2010 Orange Bowl rewind: Resiliency was the hallmark for those Hawkeyes

Hawkeye Headquarters

Multiple comeback victories propelled Iowa to Miami that season

We’ve got a special broadcast of the 2010 Orange Bowl this Saturday on the Quad Cities CW (Channel 26.1). All week long, we’re taking a trip down memory lane with that team. Hawkeye Headquarters reporter Adam Rossow kicks things off with a look at how the 2009 squad implored a never-say-die attitude throughout that special season.

Championship-caliber teams have a certain swagger.

“I don’t think we cared what the adversity was. It was really just put up whatever adversity you have, and we’re going to find a way to win,” said former Iowa quarterback Ricky Stanzi.

The 2010 Orange Bowl group started finding theirs late in the previous season.

“I often look back to 2008, because I felt that we sort of built that camaraderie there,” Stanzi said. “Once we got that Penn State game underneath our belt, we kind of switched the momentum and the energy to a little more, hey we can do this.”

The come-from-behind win over third-ranked Penn State gave a glimpse of their potential. Back-to-back blocked field goals against Northern Iowa showed resolve in the 2009 season opener.

“The spirit of that team, and what we did, the type of effort and determination to block not just one, but two field goals,” said former Iowa offensive lineman Julian Vandervelde. “That whole season, I don’t think happens without that effort.”

The escape against the Panthers was the first of five wins where Iowa was tied or trailing in the fourth quarter.

“I can remember my mom told me she has to stop watching, because she gets a heart attack, every single game and it started with the first one,” said former Iowa defensive lineman Broderick Binns.

The Hawkeyes resiliency kept showing up in some of the biggest wins that year.

“We had a group of guys that were gonna fight. We were always down, we were always down to battle, just had a group of scrappers,” said former Iowa linebacker Pat Angerer. “Played Penn State, they came out right away scored a 150,000-yard touchdown. Their quarterback flexed and he was bigger than anybody I’ve ever seen. And we beat ’em.”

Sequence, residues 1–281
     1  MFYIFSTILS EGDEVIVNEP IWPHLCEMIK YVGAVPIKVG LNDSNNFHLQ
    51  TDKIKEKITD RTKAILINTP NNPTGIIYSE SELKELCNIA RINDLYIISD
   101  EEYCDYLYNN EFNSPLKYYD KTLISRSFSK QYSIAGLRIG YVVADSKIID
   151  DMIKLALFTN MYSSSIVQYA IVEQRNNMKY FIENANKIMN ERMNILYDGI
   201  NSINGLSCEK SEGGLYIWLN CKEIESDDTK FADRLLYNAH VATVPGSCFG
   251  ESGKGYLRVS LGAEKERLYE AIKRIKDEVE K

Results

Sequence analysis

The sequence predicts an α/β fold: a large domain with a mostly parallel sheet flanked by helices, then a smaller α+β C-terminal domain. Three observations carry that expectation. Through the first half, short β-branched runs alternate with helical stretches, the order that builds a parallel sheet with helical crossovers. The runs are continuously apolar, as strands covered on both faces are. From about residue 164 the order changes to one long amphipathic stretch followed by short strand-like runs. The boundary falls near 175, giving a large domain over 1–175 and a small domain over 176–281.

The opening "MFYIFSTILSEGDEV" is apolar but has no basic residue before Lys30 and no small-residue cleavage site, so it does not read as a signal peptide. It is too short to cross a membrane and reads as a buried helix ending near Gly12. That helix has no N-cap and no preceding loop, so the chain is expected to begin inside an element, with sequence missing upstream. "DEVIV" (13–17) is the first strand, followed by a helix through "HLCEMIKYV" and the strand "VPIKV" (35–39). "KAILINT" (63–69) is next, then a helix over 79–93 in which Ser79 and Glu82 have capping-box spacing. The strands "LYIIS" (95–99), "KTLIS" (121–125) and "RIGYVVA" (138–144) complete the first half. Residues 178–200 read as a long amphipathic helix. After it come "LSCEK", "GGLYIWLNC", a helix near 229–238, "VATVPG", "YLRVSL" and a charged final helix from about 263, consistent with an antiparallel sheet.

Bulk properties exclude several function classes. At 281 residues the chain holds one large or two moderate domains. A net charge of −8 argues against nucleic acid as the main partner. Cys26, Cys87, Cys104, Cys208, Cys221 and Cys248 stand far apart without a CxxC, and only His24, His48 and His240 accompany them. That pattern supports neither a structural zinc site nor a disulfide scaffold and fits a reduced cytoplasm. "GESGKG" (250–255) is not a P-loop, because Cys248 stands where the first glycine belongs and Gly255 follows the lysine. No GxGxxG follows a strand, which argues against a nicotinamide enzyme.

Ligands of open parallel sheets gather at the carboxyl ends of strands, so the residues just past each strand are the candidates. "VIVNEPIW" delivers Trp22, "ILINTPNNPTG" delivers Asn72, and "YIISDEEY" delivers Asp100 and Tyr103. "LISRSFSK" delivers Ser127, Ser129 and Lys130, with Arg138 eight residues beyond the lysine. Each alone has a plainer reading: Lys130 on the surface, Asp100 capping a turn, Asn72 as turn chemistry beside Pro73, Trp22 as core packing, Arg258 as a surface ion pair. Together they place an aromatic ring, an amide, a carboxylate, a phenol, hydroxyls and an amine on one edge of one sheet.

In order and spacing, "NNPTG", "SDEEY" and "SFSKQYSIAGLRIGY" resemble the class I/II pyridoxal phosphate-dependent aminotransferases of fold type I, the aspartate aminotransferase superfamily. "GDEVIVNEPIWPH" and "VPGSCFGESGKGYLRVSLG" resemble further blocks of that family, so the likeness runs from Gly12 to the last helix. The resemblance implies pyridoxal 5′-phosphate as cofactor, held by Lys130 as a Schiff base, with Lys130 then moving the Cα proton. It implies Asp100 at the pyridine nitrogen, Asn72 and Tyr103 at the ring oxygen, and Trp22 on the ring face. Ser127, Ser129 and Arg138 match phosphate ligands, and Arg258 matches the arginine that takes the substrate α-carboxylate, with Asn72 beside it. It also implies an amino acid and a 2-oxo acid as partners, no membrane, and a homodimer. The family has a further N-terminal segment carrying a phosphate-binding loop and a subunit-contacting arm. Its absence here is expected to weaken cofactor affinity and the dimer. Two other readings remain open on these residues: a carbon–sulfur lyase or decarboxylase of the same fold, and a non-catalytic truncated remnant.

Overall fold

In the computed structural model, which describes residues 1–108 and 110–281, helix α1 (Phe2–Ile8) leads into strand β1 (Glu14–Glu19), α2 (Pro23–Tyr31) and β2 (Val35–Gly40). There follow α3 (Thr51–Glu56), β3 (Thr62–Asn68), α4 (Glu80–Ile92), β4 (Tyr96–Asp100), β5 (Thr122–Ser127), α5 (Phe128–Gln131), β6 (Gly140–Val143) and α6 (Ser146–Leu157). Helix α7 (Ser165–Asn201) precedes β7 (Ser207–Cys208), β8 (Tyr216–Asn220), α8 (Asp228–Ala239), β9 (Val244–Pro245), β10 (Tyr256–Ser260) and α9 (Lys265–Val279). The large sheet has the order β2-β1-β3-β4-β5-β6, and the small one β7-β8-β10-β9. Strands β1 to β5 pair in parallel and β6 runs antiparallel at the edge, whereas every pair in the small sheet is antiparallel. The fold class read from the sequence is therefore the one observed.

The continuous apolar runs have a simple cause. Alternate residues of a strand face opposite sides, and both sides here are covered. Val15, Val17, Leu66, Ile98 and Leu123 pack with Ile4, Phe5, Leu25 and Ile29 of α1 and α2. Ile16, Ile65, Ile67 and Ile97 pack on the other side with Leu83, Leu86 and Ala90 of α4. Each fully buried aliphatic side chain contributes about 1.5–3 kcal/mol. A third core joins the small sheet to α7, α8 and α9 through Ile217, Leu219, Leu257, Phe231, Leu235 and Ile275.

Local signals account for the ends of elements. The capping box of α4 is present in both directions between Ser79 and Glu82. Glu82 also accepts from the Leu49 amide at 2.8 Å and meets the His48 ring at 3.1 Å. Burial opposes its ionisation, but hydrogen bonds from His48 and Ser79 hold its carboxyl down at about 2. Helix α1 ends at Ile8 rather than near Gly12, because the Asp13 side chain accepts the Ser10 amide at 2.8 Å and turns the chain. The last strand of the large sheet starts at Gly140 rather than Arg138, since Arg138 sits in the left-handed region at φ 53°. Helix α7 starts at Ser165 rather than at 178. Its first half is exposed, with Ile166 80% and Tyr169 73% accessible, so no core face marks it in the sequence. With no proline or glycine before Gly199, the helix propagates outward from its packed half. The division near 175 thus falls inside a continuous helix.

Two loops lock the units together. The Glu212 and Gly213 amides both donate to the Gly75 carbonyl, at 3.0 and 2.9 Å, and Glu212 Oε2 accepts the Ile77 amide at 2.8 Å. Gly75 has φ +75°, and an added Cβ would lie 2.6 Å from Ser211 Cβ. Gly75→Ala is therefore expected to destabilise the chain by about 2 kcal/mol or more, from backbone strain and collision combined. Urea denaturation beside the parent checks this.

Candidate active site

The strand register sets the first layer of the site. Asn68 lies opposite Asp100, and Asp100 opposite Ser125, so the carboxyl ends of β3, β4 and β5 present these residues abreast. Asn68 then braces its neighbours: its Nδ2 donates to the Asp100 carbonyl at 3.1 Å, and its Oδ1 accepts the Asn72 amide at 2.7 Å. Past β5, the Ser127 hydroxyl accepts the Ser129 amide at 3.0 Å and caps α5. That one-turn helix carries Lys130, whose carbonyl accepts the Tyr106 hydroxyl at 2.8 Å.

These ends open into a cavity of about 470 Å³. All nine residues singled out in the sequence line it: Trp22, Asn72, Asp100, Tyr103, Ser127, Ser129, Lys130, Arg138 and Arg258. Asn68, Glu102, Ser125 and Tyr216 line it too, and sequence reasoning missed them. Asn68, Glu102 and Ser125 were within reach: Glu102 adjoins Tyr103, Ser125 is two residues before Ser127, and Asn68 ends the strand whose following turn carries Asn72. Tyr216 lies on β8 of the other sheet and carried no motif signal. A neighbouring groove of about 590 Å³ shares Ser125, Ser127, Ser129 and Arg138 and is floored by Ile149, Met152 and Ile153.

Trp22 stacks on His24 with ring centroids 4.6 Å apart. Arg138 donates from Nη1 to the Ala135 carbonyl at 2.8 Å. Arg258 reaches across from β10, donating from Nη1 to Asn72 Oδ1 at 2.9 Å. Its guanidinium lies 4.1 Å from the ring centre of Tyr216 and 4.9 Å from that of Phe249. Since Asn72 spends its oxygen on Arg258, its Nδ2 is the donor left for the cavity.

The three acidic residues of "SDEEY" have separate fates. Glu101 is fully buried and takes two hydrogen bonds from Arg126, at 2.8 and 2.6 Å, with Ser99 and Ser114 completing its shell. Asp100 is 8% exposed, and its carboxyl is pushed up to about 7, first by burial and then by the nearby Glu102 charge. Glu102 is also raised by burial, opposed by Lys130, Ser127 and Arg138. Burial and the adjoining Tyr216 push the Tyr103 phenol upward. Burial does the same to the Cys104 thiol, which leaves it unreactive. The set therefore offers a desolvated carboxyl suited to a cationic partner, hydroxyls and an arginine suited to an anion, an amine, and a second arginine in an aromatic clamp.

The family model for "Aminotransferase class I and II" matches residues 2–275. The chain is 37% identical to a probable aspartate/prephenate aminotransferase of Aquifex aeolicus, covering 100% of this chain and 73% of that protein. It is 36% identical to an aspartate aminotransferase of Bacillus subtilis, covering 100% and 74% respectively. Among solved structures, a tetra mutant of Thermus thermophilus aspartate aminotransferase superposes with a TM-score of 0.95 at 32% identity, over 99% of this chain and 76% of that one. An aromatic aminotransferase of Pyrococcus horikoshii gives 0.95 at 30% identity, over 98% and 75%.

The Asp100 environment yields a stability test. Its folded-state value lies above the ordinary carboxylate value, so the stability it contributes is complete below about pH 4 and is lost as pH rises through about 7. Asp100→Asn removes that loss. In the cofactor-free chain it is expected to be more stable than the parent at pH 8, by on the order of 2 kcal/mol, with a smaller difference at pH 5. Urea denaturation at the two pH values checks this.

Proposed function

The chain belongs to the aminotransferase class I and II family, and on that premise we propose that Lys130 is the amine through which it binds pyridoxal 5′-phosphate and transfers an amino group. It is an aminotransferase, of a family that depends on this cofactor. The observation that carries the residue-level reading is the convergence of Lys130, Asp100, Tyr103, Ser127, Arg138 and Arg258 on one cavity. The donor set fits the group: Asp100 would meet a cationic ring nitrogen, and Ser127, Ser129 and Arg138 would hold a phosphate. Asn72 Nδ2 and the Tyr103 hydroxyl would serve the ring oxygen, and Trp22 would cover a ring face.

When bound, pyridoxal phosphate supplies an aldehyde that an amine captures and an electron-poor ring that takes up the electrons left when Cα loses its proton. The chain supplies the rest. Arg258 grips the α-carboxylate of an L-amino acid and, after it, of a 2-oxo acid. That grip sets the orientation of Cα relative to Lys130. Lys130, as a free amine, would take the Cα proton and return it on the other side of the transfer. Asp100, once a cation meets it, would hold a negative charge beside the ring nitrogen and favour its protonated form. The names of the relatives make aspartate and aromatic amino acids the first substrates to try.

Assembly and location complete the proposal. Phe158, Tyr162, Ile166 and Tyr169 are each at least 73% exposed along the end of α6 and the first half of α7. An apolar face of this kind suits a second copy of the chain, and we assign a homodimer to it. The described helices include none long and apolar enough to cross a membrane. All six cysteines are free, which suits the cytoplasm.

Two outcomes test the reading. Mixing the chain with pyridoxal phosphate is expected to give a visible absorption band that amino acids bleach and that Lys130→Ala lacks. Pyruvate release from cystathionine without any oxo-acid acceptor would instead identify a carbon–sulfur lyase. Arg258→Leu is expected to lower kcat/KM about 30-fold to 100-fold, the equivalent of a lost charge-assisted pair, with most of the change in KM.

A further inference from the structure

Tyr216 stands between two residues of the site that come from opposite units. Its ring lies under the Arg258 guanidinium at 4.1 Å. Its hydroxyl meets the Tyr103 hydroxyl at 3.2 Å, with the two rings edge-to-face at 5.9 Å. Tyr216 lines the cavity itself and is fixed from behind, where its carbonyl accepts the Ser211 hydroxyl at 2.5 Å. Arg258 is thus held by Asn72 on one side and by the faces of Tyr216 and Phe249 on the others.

Then it was 7 for 6 as time expired at Michigan State.

“Walking into the field and walk through the huddle, I’m like this is going to be pitch and catch, because we know what they’re going to bring,” Stanzi said of his game-winning touchdown pass to Marvin McNutt. “And they did bring it. It was just kind of like those just play it cool, don’t stare at them too much, you know you’re going there.”

And a 28-point, fourth quarter rally just a week later.

“Sash’s interception against Indiana that sparks the comeback,” Vandervelde said.

The Hawkeyes trailed the Hoosiers 21-7, with Indiana threatening to score again midway in the third quarter. Sash’s 86-yard interception return for a touchdown set the stage for a remarkable final quarter.

“And then we’re backed up, and we somehow put a 90-yard score on the board. Then we followed up with a another like 60-yards score,” Stanzi said.

Being battle-tested throughout the regular season gave the Hawkeyes all the confidence they’d need against Georgia Tech.

“We were ready, we were prepared. There was no doubt in my mind that we weren’t gonna win the game,” Binns said.

The 24-14 win capped one of the best years in program history.

“Nobody said we were worth anything and we knew what we had. It was just… it was, it was awesome,” Angerer said. “It was perfect. It was a good way to end.”

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